Out of the total 242 cases and 484 controls children mother or caregiver, 140 (57.8%) and 280 (57.8%) used water from unimproved sources respectively. One hundred fifty-five (64.0%) of cases and 99 (20.5%) of control children mothers or caregivers had to walk >30 minutes (round trip) to fetch water, most 214 (88.4%) of the cases and least 217 (44.8%) of the control children mothers or caregivers average water consumption were <20 l/c/d. Mostly 159 (65.7%) of case mothers or caregivers poorly discharge the liquid waste generated (Table 2).
Water and waste disposal related determinants among 1 to 9 years old case and matched control children in a rural area of Gozamn District, Ethiopia, from 15 March to 30 April 2021(N = 726).
Among 242 and 484 mother/caregivers of cases and controls 90 (37.2%) of cases and 413 (85.3%) of controls mothers/caregivers washed their children’s faces once or more times a day respectively. Eighty-two 82 (33.9%) of mothers/caregivers of cases and 345 (71.3%) of mothers/caregivers of controls washed their children’s clothes 3 or more times a month (Table 3).
Behavioral-related determinants among 1 to 9 years old case and matched control children in rural areas of Gozamn district, northwester Ethiopia, from 15 March to 30 April, 2021.
Determinants of trachomatous inflammation follicular
In multivariable conditional logistic regression, variables that exhibit a correlation with TF at a P-value of less than .25 from the bivariate analysis were included. Among children aged 1 to 9 years, a significant relationship between 6 factors and trachomatous inflammation-follicular was identified.
The major results of this study showed that children who cleansed their faces less than once a day had 10.64 (mAOR: 10.64 CI: 2.58-18.84) times higher odds of acquiring TF than those who washed their faces once or more frequently during the day.
Children who had their clothes washed once a month or fewer had a 9.18 (mAOR: 9.18 CI: 2.20-18.62) times greater chance of having TF than those whose clothes were washed 3 or more times per month and 4.12 (mAOR: 4.12 CI: 2.59-6.56) times greater chance than those whose clothes were washed twice per month.
Children from low-income families had a 4.68 (mAOR: 4.68 CI: 2.80-6.21) higher risk of developing TF than those from wealthy families.
When compared to children of caregivers with good knowledge, children of caregivers with poor knowledge were 3.88 (mAOR: 3.88 CI: 1.47-10.22) times more likely to have TF.
Children aged 1 to 9 years from households with low water consumption (<20 l/c/d) were at increased risk of developing TF (mAOR: 4.42 CI: 1.71-11.39) than households using 20 l/c/d or more.
Children living in households without access to water within a 30-minute walk were more likely to develop TF (mAOR: 4.91 CI: 1.37-12.56) than children who could access water within 30 minutes or less on foot (Table 4).
Multivariable conditional logistic regression analysis of socio-demographic environmental and behavioral factors of trachomatous inflammation follicular among 1 to 9 years old case and matched control children in a rural area of Gozamn District, Ethiopia, 2021(N = 726).
The aim of this study was to identify the cause of TF in children aged 1 to 9 years living in the rural Gozamn district between 15 March and 30 April 2021. The presence of TF was determined by poverty, distance to water source >30 minutes (round trip), mean daily water consumption <20 l/c/day, frequency of washing children’s faces and clothes, and poor knowledge of TF the mothers and caregivers.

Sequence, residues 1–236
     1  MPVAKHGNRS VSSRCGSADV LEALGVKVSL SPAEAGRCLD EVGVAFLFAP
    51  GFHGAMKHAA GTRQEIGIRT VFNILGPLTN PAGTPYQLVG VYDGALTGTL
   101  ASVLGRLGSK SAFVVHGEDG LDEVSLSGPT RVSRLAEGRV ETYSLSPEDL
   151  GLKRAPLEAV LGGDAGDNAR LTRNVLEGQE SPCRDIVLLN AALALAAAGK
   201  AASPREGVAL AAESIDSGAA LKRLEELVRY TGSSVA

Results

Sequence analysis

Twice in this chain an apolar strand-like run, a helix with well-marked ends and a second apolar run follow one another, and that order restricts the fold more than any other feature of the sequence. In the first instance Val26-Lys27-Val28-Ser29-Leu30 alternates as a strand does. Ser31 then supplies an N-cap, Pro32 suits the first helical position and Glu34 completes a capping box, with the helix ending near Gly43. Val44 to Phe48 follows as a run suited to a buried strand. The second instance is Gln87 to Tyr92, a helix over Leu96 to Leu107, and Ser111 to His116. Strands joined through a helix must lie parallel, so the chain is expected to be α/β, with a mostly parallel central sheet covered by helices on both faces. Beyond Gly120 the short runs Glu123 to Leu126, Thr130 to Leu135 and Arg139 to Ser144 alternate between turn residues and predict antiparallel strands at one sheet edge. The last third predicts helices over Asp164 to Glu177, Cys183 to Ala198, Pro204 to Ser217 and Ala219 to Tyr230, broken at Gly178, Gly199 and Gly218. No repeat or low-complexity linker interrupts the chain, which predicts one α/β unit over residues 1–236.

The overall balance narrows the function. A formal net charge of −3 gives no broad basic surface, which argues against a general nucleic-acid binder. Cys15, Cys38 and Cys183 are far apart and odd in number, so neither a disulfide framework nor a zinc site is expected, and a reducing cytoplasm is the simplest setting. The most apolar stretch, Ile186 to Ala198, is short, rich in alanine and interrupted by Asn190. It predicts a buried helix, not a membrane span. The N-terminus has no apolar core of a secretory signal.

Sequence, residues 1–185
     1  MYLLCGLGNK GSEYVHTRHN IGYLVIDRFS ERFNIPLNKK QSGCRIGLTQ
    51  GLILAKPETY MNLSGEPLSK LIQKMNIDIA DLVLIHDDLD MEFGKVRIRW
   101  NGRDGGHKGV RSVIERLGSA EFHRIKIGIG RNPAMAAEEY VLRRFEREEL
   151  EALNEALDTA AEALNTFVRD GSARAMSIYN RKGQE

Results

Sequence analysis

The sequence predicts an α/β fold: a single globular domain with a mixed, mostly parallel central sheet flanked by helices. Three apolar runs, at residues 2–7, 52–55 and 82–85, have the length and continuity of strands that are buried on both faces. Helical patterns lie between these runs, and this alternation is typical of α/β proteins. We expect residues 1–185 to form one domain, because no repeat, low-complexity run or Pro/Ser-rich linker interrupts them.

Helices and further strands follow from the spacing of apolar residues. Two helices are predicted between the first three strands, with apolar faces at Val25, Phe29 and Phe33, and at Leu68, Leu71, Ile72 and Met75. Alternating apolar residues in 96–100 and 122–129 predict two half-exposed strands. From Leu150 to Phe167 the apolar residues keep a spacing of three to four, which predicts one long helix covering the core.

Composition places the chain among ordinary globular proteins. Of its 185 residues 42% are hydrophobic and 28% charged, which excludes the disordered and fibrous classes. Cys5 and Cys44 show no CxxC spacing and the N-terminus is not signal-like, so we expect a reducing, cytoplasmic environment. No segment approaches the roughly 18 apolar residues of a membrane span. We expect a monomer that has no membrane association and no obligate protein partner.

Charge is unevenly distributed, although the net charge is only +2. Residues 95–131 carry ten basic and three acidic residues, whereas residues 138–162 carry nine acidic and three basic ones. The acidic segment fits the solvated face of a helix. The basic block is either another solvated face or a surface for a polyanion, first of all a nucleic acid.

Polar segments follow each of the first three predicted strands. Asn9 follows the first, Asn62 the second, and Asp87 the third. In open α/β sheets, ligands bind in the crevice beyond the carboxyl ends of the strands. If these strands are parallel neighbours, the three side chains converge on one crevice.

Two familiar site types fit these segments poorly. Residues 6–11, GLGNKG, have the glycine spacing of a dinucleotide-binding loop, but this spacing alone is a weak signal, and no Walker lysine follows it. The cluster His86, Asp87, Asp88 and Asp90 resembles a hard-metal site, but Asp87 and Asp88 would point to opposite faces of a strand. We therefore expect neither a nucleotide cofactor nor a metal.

A poor household’s economic situation is significantly associated with the development of TF as opposed to a wealthy one. This might be because wealthy people can afford to buy sanitizer and soap to maintain personal and environmental hygiene and limit the entry of Musca sorbens flies. According to a study done in the Southern region’s Leku town, the prevalence of active trachoma is highly correlated with the poor economic level of the household.35 According to a study on the prevalence and correlations of active trachoma in rural preschool children in Wadla region, northern Ethiopia, the lowest economic position has been substantially correlated with the frequency of active trachoma.36,37
In our study, consistent with previous studies children aged 1 to 9 years from households using less than 20 l of water per cap/day were more likely to have TF than those using 20 l per day or more. Active trachoma rates were higher in children from families with an average daily water intake of 2 to 4 l/capita than those drinking more than 8 liters/capita, according to a study conducted in the Baso Liben District, which shares a border with the study area.16 Water scarcity contributes to the prevalence of trachoma, as households do not have enough water to wash their faces, wash dirty clothes, wash their hands after using the toilet, and do other personal hygiene practices.38
The study also found that more children with TF were identified in families where walking to the water required more than 30 minutes as opposed to households where walking to the water required 30 minutes or less. In agreement with this study, a related investigation revealed that children from households with water access more than 30 minutes away from their homes were more likely to have active trachoma than children from households with water access no more than 30 feet away.16 The prevalence of TF in children and the distance to a water source have both been linked in other research. More than 30 minutes of walking in Malawi39 and more than 2 hours in Tanzania.40